Now the facetious amongst you may be thinking ‘stop being so chaffing uptight and get down to a Chippendales gig already’, but we do think this is a depressing state of affairs. Don’t get us wrong, we’re not calling for men to start dropping their trousers and oiling up en masse, we’d just like a move towards a middling equality, beginning with changes in the depiction of women. If you haven’t done so already, may we urge you to sign the No More Page Three petition, which would be a start. Little acorns…

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Foxcatcher. Wrestlemania.

foxcatcher__spanFinished a year ago, such was the studio’s hopes for awards season glory, Foxcatcher’s release was postponed until now to avoid competition with 2013 big hitters 12 Years A Slave and Gravity. That’s a lot of eggs to cryogenically freeze in a basket. No pressure…

Based, incredibly, on a true story it centers around two pro-wrestler brothers David Schultz (Mark Ruffalo) aka The Smart And Well Adjusted One and Mark Schultz (Channing Tatum) aka The Not So Smart And Struggling One. Both Olympic gold medalists, they now live in small town anonymity. David is happy, married with kids and running a local wrestling club. Mark, however, lives alone and with limited skills relies heavily on his brother in lieu of a father figure.

But help may unexpectedly be at hand. A phone call out of the blue invites Mark to the home of John du Pont, eccentric multi-millionaire recluse and member of one of America’s most hallowed family dynasties. Alienated by his equestrian-loving mother, John intends to indulge his own passion, wrestling, by setting up his own team housed in a state of the art training facility to gun for glory at the next Olympics and wants Mark as his star athlete. Offered both financial security and the chance to step out from David’s shadow, Mark thinks all his Christmases have come at once. But, kids, we all know i) money can’t buy happiness and ii) if something looks too good to be true, it generally is. Mark soon struggles to deliver so John persuades David onboard, once again relegating Mark back to the sidelines and starting a steady spiral towards destruction.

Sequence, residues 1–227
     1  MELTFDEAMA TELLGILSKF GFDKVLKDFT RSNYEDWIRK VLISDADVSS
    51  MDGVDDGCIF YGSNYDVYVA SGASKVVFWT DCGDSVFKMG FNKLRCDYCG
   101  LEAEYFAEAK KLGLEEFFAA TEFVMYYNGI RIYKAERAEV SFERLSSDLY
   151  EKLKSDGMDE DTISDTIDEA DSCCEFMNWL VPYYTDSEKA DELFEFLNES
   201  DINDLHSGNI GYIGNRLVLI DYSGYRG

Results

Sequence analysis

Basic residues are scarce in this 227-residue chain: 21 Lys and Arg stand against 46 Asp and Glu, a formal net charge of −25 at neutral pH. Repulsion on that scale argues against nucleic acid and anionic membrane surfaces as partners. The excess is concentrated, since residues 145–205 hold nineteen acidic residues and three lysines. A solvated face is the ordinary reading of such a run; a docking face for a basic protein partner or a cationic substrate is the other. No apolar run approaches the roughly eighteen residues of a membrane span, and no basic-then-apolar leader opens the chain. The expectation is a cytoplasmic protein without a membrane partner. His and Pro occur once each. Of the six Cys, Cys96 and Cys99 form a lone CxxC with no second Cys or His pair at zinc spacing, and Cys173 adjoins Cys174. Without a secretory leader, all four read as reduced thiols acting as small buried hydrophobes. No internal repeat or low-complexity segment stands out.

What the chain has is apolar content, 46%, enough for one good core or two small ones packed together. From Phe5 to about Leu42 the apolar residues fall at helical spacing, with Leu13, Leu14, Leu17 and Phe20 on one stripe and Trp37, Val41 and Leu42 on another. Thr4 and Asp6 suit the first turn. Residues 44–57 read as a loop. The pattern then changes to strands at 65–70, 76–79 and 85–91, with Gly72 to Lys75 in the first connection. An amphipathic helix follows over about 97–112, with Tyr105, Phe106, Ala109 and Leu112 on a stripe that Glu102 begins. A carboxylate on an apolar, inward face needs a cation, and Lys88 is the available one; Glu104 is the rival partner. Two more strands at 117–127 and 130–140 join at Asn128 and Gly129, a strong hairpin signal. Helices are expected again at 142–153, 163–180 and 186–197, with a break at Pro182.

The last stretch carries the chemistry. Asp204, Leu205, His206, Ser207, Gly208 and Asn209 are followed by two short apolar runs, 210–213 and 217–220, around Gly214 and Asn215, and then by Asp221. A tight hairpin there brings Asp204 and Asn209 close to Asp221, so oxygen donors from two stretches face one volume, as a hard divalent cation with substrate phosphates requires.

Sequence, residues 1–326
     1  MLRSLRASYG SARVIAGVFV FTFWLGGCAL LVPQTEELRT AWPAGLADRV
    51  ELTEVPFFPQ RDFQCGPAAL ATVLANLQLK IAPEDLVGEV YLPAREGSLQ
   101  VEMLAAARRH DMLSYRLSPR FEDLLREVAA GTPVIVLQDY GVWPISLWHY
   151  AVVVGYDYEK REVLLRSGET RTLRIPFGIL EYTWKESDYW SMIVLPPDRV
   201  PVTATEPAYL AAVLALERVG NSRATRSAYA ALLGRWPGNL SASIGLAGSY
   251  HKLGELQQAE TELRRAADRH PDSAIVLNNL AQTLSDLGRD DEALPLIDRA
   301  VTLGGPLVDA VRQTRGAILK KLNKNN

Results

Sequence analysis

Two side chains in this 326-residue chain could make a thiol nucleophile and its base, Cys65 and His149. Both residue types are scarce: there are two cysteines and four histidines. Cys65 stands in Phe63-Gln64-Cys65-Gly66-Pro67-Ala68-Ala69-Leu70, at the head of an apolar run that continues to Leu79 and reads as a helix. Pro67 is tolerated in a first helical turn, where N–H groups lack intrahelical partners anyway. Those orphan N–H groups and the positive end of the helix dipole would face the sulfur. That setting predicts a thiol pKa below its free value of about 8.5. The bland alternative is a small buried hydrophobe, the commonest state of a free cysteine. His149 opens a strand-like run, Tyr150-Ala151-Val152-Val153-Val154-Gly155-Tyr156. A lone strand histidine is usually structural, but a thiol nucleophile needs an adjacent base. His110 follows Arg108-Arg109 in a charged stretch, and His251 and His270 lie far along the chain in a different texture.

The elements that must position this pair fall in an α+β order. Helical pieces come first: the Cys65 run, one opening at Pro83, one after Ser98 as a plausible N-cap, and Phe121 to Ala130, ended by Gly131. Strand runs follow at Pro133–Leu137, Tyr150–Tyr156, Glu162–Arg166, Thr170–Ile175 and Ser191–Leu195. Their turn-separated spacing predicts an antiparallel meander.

Shot in muted tones, Foxcatcher is clinically cool, calm and precise with an underlying sense of menace. Often ambiguous – what does du Pont really want with Mark? A surrogate son? Sex? A whipping boy? – and strongly psychological, it deals with themes of family rivalry and parental approval. And boy do the whole cast rise to the occasion. Channing Tatum in particular is heartbreakingly good as Mark, earnest, lonely, desperate for approval and frustrated by his own limitations. The Sloth just wanted to give him a cuddle.

This is no emotional melodrama. Foxcatcher doesn’t pick you up and bodyslam you down on the mat, rather it creeps insidiously into your head, leaving you shaken, not stirred. Commendably restrained.

UK release 9 January 2015

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The Lego Movie. Build It And They Will Come

legoWe LOVE a cracking animation. We’ve watched Up more times than permissible for a grown adult and it never fails to make us laugh (talking dogs flying planes!!). So we approached The Lego Movie with nervous anticipation. Would it deliver that vital adult / kiddie crossover appeal?

Emmet (Chris Pratt) is a construction worker. He’s earnest, dull and always follows the instructions. Which is handy because Emmet lives in a Lego universe presided over by Lord Business (Will Ferrell), a megalomaniac despot determined to replace all creativity with rigid conformity, aided by his bi-polar henchman Good Cop / Bad Cop (a marvellous Liam Neeson). Literally rigid, as Lord Business intends to smother the Lego world in glue, never to be broken apart and rebuilt again.